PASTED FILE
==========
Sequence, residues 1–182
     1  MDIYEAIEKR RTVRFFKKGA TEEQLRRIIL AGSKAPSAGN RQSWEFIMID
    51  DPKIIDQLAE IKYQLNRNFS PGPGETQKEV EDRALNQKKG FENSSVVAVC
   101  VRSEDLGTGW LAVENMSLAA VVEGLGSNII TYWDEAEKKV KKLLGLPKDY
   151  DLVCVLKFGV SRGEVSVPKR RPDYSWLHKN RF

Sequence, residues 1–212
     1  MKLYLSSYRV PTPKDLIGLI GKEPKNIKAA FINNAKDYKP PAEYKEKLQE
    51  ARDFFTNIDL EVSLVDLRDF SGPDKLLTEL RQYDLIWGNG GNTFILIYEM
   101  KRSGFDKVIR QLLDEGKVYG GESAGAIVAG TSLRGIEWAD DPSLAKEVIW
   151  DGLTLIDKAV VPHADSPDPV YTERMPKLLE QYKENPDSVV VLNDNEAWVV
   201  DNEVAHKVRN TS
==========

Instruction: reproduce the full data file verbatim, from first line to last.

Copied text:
Sequence, residues 1–182
     1  MDIYEAIEKR RTVRFFKKGA TEEQLRRIIL AGSKAPSAGN RQSWEFIMID
    51  DPKIIDQLAE IKYQLNRNFS PGPGETQKEV EDRALNQKKG FENSSVVAVC
   101  VRSEDLGTGW LAVENMSLAA VVEGLGSNII TYWDEAEKKV KKLLGLPKDY
   151  DLVCVLKFGV SRGEVSVPKR RPDYSWLHKN RF

Sequence, residues 1–212
     1  MKLYLSSYRV PTPKDLIGLI GKEPKNIKAA FINNAKDYKP PAEYKEKLQE
    51  ARDFFTNIDL EVSLVDLRDF SGPDKLLTEL RQYDLIWGNG GNTFILIYEM
   101  KRSGFDKVIR QLLDEGKVYG GESAGAIVAG TSLRGIEWAD DPSLAKEVIW
   151  DGLTLIDKAV VPHADSPDPV YTERMPKLLE QYKENPDSVV VLNDNEAWVV
   201  DNEVAHKVRN TS